VI. Pendent Jurisdiction
Defendants argue that the district court erroneously exercised pendent jurisdiction as an excuse to broaden the scope of its review beyond that permissible under the eighth or fourteenth amendments. Noting that many of the conclusions of law track state law provisions, defendants argue that the court used pendent jurisdiction as a means to return to a "totality of conditions" approach and assume control of the prisons.
We disagree. Although the district court did rely in part on state law provisions, it based its conclusions of law on federal constitutional standards. As we directed in Wright II, 642 F.2d at 1132-33, the court simply relied on state law provisions, as well as expert opinions and professional standards, as aids in determining whether contemporary standards of decency had been met. See, e.g., Ramos, 639 F.2d at 567 n. 10. The court did not apply a "totality of conditions" approach. It considered the separate conditions of confinement and found that they violated the eighth amendments proscription of cruel and unusual punishment. In some cases the court necessarily took into account the effect of other conditions on the condition under consideration. Conditions of "confinement [do] not exist in isolation; [a] court must consider the effect of each condition in the context of the prison environment, especially when the ill effects of particular conditions are exacerbated by other related conditions." Hoptowit, 682 F.2d at 1247. Finally, the district court carefully considered the impact of its order on security conditions, as well as the cost of carrying the order out. Its findings on those points are not clearly erroneous.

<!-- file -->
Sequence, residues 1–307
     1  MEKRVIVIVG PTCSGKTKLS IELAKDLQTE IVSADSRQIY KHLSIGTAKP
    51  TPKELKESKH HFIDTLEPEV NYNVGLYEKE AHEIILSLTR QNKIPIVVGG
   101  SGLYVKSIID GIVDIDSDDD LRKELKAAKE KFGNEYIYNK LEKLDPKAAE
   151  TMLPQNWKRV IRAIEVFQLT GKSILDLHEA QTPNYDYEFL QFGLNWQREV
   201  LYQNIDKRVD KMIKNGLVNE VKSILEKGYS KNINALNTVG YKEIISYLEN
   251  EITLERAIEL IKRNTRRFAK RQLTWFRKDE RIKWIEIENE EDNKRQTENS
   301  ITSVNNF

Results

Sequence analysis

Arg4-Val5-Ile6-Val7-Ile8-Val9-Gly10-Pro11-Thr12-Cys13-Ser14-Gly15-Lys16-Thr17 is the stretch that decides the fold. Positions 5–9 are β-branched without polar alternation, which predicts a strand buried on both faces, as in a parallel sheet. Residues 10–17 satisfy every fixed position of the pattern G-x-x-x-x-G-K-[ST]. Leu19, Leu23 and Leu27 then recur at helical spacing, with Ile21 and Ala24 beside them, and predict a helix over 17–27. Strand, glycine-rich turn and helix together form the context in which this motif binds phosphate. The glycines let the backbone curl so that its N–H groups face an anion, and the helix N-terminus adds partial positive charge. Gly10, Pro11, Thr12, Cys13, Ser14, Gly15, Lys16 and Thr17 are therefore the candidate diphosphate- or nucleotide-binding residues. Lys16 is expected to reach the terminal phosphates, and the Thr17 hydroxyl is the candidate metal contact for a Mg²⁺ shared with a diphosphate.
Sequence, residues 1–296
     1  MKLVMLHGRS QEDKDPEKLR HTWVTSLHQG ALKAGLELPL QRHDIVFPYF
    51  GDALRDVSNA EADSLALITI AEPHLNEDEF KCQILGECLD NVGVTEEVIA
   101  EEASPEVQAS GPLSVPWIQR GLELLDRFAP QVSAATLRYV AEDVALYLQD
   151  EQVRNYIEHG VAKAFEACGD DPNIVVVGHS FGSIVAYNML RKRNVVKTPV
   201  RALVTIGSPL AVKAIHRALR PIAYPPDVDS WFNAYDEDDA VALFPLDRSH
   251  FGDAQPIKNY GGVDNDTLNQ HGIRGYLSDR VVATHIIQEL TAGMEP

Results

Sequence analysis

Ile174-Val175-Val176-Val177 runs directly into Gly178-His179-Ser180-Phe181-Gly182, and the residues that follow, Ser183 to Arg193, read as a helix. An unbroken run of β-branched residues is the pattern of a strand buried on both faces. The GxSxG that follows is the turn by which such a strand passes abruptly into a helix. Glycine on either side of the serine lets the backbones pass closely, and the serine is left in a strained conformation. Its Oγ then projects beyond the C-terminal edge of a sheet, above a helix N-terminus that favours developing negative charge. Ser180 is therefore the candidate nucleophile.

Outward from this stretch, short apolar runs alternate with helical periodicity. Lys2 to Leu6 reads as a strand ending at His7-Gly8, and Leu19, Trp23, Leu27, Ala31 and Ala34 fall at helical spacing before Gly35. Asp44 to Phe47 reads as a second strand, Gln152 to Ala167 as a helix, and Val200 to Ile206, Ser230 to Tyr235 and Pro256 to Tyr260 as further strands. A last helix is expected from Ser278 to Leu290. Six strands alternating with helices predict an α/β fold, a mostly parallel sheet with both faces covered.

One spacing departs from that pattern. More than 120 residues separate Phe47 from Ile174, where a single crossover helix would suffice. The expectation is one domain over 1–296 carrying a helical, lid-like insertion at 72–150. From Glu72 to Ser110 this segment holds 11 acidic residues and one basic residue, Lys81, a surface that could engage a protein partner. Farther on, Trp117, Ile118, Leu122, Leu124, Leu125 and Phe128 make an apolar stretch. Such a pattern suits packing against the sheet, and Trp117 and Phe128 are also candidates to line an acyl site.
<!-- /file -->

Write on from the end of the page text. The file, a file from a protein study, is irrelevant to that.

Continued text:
The district court did not abuse its discretion in concluding that the conditions it found to exist at the institutions affected by its preliminary injunction were of doubtful constitutionality, that the plaintiffs would probably succeed on the merits, and that the balance of hardships tipped sharply in their favor. However, the district court failed to enter findings to support its order regarding food service. We, therefore, AFFIRM all but the food service portion of the preliminary injunction.
AFFIRMED IN PART AND VACATED IN PART.